Selling on the web has gotten increasingly complex with more channels and partners than ever before. For one thing, you have to make the tricky choice between using cloud-based e-commerce tools (easy, cheap, and fun, but prone to outages) or your own data center servers. You have to enable customers to complete transactions on not only their desktop computers, but also on tablets, mobile devices, TVs, digital out-of-home media, and more. In addition, you need to add a layer of targeting, be it business to consumer, business to business, or consumer to consumer. The list of e-commerce concerns goes on and on.
Let’s look at e-commerce from a higher level and investigate how to vary the user experience depending on what is being sold. Too often, companies look at e-commerce as a single, monolithic concept — either you’re hawking products or you’re not — but this kind of thinking can result in an experience that’s incomplete, complicated, and frustrating.
While there are many combinations, e-commerce sites generally break down into three basic categories: large online catalogs, commodity products and services, and freemium/paywall content sites. I’ll start with the first category, since that’s what marketers see the most of.
Large online catalogs
The online catalog is the poster child of e-commerce, as it’s what most of us think of when we imagine a commerce site. The most obvious example is the "massively multi-SKU," Amazon.com. The hallmarks of such sites are their vast numbers of products.
The toughest job on these sites is figuring out what the buyers are coming for and how to get them to where they need to go. The big issue for the user-interface on these properties is cognitive load (how many items the users can hold in their short-term memory at any given time). People become overwhelmed when viewing crowded pages that contain no hierarchy and too many options. So, when you have a site containing a variety of products like Target.com — which sells everything from potato chips to flat-screen TVs — you’ll need to implement user-friendly tools to get your shopper to the right aisle, so to speak. These tools include:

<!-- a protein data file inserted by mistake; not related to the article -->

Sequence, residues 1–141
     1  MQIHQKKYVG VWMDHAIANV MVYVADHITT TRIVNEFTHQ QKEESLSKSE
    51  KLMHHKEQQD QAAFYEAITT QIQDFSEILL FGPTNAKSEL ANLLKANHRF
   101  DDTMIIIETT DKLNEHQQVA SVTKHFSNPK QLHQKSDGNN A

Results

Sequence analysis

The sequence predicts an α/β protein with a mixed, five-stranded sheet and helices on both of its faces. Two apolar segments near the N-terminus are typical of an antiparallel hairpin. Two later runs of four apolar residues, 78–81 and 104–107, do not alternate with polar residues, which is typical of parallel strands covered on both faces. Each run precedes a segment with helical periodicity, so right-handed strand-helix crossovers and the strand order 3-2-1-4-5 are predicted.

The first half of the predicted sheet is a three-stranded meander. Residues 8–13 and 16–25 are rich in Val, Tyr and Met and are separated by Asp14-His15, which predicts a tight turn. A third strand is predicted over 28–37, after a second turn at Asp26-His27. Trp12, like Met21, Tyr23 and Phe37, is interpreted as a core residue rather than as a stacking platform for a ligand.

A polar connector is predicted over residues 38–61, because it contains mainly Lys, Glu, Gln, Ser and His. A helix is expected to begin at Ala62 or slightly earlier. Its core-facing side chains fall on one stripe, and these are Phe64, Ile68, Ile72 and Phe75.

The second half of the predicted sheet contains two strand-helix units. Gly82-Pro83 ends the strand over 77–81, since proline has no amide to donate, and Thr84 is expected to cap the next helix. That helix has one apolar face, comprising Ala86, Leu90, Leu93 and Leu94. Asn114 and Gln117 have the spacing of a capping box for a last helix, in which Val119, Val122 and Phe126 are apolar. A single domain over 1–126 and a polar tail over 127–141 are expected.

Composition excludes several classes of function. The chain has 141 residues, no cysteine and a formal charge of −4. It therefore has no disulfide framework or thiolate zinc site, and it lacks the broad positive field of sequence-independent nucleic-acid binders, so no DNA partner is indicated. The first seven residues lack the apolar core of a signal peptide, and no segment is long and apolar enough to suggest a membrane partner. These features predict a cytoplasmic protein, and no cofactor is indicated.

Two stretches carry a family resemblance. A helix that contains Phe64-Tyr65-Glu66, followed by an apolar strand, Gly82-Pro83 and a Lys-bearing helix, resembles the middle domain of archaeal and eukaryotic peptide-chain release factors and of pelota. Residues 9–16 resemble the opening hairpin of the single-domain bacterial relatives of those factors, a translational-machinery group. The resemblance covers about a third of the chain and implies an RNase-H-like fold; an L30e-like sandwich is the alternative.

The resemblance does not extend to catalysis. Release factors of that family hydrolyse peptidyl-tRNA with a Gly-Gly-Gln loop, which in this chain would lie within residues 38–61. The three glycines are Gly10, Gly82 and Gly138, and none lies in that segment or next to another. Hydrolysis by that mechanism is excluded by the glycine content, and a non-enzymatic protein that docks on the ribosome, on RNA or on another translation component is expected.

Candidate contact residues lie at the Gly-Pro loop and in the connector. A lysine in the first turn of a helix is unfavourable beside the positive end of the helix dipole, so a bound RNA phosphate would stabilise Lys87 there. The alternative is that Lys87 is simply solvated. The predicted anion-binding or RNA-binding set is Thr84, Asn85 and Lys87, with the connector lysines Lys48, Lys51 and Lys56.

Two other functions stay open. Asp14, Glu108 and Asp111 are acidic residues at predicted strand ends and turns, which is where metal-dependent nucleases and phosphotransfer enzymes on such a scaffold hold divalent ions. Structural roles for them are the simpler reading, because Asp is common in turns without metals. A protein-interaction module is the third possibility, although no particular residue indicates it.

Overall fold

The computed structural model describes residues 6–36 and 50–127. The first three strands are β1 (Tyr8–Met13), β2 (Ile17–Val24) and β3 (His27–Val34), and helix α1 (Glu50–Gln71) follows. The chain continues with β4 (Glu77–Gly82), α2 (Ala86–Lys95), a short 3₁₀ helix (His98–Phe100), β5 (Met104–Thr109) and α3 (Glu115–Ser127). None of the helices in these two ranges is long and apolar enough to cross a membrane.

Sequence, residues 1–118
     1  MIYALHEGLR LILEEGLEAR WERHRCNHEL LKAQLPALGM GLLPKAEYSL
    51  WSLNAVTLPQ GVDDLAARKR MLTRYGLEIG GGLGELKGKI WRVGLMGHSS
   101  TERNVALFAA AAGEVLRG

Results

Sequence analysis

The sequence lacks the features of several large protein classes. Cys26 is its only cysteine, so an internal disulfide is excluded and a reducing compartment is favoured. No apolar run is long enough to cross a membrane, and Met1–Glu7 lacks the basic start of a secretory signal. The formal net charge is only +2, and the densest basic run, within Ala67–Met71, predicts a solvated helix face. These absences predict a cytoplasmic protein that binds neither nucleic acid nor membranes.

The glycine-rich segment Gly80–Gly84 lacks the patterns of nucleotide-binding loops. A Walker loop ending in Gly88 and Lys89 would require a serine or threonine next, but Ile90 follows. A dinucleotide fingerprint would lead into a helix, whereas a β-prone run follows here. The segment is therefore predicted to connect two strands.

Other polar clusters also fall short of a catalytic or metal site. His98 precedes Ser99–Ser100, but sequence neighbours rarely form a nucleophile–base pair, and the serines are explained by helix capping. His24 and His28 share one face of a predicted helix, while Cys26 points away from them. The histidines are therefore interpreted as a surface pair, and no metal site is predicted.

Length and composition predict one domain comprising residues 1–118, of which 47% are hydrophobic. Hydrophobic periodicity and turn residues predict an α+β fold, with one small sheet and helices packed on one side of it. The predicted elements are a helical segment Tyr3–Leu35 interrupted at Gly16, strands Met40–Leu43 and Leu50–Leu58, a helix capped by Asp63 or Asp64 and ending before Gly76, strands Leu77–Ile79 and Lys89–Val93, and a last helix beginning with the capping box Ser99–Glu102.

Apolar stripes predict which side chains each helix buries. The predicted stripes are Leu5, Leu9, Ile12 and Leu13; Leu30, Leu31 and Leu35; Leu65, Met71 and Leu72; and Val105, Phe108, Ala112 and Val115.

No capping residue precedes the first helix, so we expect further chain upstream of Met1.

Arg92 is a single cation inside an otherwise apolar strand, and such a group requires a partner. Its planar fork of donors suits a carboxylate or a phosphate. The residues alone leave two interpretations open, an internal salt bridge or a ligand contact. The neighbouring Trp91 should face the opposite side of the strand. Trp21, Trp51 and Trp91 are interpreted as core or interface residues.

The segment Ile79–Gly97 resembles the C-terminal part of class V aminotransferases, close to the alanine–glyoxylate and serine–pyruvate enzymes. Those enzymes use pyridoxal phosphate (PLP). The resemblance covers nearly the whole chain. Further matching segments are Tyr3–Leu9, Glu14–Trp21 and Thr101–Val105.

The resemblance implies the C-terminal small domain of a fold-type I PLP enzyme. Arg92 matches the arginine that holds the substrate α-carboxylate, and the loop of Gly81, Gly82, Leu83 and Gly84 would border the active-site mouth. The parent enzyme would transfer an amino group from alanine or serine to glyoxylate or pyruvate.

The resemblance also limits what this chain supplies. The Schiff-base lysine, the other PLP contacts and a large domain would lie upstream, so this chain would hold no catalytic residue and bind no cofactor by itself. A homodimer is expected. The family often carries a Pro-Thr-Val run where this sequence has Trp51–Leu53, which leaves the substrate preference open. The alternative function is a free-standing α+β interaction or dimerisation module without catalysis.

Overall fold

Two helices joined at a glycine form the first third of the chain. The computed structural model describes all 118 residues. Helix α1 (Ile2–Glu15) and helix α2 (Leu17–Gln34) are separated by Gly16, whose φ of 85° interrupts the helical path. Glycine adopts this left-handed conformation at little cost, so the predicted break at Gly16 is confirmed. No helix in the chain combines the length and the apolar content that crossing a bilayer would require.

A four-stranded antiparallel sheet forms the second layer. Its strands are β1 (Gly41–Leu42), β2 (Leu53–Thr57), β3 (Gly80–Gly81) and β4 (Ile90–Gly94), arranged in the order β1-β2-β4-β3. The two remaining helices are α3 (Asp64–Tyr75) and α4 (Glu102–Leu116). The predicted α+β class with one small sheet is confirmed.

Let’s be honest: -Search is the crutch of a bad interface. When you can’t easily find what you want on a site, you start using the "search" field. So yes, it must be there, and it must work well, but let’s call it table stakes.
While it’s the most important feature on an e-commerce site, global navigation often gets short shrift. Or, on the flip side, retailers may go too far in the other direction, creating a bloated global nav that confuses more than it helps. We recently conducted user-testing for a large retailer to choose between "global nav" draft options. The main categories were set, but, as with any catalog site, there were far more categories than could possibly be displayed in the navigation bar. This test was to decide what should go in the nav’s "see more" area. It was a great lesson on reported behavior versus observed behavior. Every user in the test said that they wanted the option with more items in it. But, when it actually came to finding an item, each person was much quicker with the list that had fewer items in it — cognitive load in action.
Parametric browse and filter
How can you make it easy to shave down a huge number of results into a manageable few? Use parameters to filter the results. Zappos.com is the master of this: "men’s shoes" yields 6,484 results while "men’s boots casual size 10 moccasin" yields 12. Now, that’s a number one can work with.
Upsell and cross-sell
Part of the difficulty with large catalog sites is unearthing the many thousands of products. Create ways for intelligent pairings to surface after a user has looked at the details of one product. Point them to additional products that make sense — like batteries for a flashlight or a spatula for a frying pan. Or give your site the ability to cross-sell. For example, if users bought a flashlight and a frying pan, they might also be in the market for a tent or a sleeping bag.